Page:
Hilary Camire

What is your classroom motto or theme? Sing it loud, sing it proud!
I began playing violin in third grade in my hometown of Wilmington, MA. My involvement in the "Strings Attached" orchestra program in Wilmington gave me the amazing opportunity to travel to exciting new places such as England, France, and Italy to play music for local mayors, museum visitors and churches.  It was this program, and my amazing teacher, that inspired me to become a teacher myself.  I attended the University of New Hampshire and received my Bachelor of Music in music education. I spent eight years teaching General Music, Chorus and Strings in Alton, NH.  I also work as a freelance musician and violin teacher.  In my free time, I enjoy spending time with my husband and daughters hiking, fishing and gardening.

Why do you love teaching music?
I love it when children find a way to express themselves that is all their own. Music has so much variety that anyone can make connections with it and show who they are or how they feel through the music they make.

What defines a great teacher?
A great teacher is someone who can find just the right way to make each child thrive in their classroom and bring what they learned out into the world.

What is your favorite lesson to teach?
I love to teach a lesson called "My Many Colored Days" to preschoolers and kindergarteners. Through the story written by Dr. Seuss, paired with music and movement, the children learn about the connections that can be made between literature, emotions, colors, and mood in the music they hear and they show their own feelings through the movements they choose to do. It's very amusing and rewarding to see what the children decide to do on black days vs. pink days. They get very creative.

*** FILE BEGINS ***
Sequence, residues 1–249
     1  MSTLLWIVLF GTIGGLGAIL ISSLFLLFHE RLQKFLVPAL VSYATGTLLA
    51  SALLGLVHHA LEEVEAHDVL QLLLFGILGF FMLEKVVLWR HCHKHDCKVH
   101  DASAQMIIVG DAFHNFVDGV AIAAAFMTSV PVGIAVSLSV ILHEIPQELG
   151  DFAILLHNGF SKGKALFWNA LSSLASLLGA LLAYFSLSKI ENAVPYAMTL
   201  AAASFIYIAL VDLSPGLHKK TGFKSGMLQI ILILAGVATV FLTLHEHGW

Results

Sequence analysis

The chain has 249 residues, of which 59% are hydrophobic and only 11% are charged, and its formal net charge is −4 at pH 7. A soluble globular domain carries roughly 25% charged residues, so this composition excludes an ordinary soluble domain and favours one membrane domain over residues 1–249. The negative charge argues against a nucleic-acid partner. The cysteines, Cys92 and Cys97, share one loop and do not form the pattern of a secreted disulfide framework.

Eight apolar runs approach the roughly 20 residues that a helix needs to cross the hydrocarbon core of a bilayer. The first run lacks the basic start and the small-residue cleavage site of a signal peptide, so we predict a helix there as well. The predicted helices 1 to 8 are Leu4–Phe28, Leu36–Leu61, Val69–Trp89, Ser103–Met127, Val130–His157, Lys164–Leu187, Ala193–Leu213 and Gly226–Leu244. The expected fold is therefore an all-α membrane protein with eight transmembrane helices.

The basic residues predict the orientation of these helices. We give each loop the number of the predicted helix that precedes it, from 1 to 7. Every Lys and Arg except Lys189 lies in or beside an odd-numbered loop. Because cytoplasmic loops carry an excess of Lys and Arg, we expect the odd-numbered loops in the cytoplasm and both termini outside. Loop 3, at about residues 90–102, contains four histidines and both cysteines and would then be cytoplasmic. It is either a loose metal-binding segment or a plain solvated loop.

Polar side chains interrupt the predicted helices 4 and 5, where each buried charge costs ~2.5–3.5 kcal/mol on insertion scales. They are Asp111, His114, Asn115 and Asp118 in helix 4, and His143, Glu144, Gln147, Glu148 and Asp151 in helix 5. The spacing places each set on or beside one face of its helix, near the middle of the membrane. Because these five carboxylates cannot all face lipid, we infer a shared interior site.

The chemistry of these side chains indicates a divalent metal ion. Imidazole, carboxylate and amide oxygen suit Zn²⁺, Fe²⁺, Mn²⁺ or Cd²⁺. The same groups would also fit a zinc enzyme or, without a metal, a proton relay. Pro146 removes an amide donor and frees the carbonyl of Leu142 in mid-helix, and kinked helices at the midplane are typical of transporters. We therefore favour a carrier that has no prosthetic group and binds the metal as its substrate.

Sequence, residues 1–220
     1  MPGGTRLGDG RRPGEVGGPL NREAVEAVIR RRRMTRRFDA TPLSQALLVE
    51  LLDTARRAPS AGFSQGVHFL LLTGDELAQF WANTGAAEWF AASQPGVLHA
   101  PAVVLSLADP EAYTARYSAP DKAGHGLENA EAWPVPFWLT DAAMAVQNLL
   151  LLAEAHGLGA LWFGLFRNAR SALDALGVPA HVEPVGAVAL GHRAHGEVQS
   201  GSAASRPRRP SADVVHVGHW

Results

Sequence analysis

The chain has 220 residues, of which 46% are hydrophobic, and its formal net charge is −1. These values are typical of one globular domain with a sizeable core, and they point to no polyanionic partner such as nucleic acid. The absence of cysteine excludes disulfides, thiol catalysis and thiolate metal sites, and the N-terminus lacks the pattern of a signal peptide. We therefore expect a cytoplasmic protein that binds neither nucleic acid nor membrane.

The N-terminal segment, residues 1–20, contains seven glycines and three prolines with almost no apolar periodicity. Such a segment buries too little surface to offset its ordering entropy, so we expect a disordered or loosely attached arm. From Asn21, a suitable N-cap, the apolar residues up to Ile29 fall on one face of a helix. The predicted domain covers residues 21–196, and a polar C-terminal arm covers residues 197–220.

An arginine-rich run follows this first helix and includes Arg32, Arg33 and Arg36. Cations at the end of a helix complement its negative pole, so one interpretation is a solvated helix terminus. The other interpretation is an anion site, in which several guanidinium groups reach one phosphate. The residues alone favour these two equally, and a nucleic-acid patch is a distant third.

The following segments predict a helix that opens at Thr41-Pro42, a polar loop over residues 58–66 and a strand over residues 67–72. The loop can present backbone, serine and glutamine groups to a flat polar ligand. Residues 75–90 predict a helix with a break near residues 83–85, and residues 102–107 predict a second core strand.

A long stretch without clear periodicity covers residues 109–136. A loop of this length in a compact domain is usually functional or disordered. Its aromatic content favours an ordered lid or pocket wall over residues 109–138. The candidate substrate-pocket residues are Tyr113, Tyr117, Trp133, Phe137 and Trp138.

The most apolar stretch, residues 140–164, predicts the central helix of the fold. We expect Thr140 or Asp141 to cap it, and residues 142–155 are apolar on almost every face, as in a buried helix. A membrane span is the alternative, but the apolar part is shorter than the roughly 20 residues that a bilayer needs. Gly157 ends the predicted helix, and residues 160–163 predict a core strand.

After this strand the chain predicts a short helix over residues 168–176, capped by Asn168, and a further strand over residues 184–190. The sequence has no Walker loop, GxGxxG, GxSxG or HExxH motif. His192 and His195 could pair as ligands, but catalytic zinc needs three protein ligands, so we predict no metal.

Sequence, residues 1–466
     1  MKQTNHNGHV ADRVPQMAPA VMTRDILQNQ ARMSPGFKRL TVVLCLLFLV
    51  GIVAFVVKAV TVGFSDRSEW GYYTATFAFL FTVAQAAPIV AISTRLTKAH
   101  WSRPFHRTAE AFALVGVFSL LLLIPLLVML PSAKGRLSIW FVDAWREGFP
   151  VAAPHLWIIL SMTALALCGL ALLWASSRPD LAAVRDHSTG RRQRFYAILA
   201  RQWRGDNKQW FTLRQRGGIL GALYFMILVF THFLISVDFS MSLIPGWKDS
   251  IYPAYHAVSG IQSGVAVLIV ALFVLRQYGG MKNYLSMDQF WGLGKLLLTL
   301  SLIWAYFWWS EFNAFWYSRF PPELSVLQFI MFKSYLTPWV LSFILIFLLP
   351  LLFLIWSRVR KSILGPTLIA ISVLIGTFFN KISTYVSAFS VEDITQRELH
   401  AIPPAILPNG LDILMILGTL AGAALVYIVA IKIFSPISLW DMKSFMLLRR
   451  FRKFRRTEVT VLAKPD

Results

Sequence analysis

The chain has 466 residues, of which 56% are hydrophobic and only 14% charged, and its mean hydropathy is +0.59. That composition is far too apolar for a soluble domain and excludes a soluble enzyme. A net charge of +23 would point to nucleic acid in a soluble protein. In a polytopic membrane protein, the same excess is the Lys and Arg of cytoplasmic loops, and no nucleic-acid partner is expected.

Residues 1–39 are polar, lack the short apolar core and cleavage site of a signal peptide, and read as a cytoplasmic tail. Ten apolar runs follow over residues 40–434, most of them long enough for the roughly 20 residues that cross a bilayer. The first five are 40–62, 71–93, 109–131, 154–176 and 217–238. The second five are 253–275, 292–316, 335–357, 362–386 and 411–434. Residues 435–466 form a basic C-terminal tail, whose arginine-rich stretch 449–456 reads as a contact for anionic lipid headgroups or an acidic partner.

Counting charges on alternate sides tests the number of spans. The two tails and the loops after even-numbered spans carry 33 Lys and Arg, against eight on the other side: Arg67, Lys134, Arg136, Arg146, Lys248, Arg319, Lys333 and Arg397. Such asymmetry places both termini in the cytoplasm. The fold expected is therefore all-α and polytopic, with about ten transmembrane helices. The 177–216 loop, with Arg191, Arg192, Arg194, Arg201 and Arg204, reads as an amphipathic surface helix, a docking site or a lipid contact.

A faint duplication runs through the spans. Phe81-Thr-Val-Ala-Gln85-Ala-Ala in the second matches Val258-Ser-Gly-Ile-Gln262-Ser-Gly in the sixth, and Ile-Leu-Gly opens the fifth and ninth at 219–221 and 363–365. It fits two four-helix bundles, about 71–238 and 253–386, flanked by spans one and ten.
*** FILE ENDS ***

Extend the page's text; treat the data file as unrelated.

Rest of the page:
What is your teaching philosophy?
Music learning is a lot like language learning, it should begin at birth or even earlier. Children should be hearing and participating in music from the very beginning then as they grow we begin to show them symbols so they begin to read. When they are ready, we work on understanding what the symbols mean when they are put together. Sound before sight before theory.

I also believe very strongly that music should be learned through play. Culturally, music is something that helps us make connections to our past, present, and even our future. Playing music has and is now a way for us to enjoy each other's company. Bringing children together in the music classroom helps them to make connections with each other and their heritage.
Berwick Academy, situated on an 80-acre campus just over one hour north of Boston, serves 600 students, Pre-Kindergarten through grade 12, from Massachusetts, New Hampshire, and Maine. Deeply committed to its mission of promoting virtue and useful knowledge, Berwick Academy empowers students to be creative and bold. Berwick strives to graduate alumni who shape their own learning, take risks, ask thoughtful questions, and come to understand and celebrate their authentic selves. Founded in 1791 and rooted in a tradition of college preparation, our culture of innovation prepares students for a complex and dynamic world.